The curriculum developed and presented by the School of Physical Sciences is designed to support students with an interest in and career aspirations for physics and its closely aligned disciplines of astronomy, planetary science and space science.
At undergraduate level we offer three main routes leading to a BSc honours degree:
The BSc Natural Sciences (Physics) (Q64) is accredited by the Institute of Physics and includes a significant practical science component built on OpenSTEM Labs assets, and a project element at Stage 3. The OU is currently the only UK HE distance-learning provider offering comprehensive experimental skills development on the basis of online tools and assets.
The BSc Mathematics and Physics (Q77) is a popular choice for students who are drawn to the concepts in theoretical physics and the underpinning mathematical ideas and methods. This qualification shares about half of the curriculum with the Q64 physics route.
The BSc Natural Sciences (Astronomy & Planetary Science) (Q64) appeals to those who are drawn to the mysteries of the Universe beyond Earth and wish to acquire a deeper grounding in the scientific underpinnings of this discipline. From the exploration of the Solar System to the search for life on planets orbiting stars other than our Sun, and from black holes disrupting stars to the history and fate of the Universe as a whole – these and more topics in extra-terrestrial physics have traditionally inspired humans to advance their knowledge of science.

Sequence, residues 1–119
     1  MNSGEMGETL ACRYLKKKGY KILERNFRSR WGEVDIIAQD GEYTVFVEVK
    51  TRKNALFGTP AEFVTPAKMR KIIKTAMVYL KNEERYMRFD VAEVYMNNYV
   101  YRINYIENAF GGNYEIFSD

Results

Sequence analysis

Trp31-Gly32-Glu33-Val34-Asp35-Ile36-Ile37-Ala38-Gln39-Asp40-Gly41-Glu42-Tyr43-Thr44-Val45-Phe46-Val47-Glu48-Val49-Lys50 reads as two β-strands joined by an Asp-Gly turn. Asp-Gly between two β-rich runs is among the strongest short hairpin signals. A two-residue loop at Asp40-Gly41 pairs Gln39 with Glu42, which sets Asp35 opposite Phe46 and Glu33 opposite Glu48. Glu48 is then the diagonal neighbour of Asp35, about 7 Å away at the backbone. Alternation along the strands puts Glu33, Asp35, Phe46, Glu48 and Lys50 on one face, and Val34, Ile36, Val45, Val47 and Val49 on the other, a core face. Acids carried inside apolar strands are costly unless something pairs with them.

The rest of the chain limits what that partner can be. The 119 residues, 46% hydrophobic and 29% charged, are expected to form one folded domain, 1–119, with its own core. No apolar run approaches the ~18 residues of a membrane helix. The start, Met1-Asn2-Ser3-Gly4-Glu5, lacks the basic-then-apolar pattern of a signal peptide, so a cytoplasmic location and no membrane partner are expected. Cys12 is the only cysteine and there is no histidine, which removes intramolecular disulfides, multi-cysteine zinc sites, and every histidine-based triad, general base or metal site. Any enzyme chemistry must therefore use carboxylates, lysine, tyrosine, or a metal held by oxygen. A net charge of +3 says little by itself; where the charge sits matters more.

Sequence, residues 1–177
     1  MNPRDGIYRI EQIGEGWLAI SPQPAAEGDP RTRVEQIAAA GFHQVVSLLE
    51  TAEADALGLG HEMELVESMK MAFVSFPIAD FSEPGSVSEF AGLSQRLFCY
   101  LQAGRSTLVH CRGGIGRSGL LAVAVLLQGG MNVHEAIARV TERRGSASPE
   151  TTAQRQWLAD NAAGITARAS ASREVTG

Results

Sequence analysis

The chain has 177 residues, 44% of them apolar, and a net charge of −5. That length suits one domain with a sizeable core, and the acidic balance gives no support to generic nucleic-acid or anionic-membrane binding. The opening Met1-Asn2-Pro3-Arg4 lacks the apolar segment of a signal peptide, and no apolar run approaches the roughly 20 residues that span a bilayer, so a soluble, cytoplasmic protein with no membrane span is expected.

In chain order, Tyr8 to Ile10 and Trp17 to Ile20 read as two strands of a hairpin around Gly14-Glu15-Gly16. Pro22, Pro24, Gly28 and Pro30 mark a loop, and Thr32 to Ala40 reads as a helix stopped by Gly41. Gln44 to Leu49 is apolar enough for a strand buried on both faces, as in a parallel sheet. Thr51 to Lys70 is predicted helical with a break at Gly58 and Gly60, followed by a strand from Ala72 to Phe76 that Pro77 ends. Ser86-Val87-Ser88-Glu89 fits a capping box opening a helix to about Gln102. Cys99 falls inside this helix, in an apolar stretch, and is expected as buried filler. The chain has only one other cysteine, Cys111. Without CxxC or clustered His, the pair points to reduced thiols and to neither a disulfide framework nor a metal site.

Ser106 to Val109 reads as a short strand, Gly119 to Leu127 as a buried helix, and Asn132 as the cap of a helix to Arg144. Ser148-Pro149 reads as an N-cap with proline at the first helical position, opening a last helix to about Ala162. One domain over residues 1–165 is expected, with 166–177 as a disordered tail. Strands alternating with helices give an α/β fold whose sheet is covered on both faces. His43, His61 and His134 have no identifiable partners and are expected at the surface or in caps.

At postgraduate level we offer the MSc in Space Science and Technology (F77), designed for those with an academic or professional interest in space science and the technology that underpins this discipline. It equips students with the skills to carry out scientific investigations using space-based instrumentation, both individually and as a team.
For more information about studying Physics, Astronomy and Planetary Science, or Space Science at the Open University, click on the links above. Our modules are supported by module team staff and by a large group of part-time associate lecturer staff based around the UK and Ireland.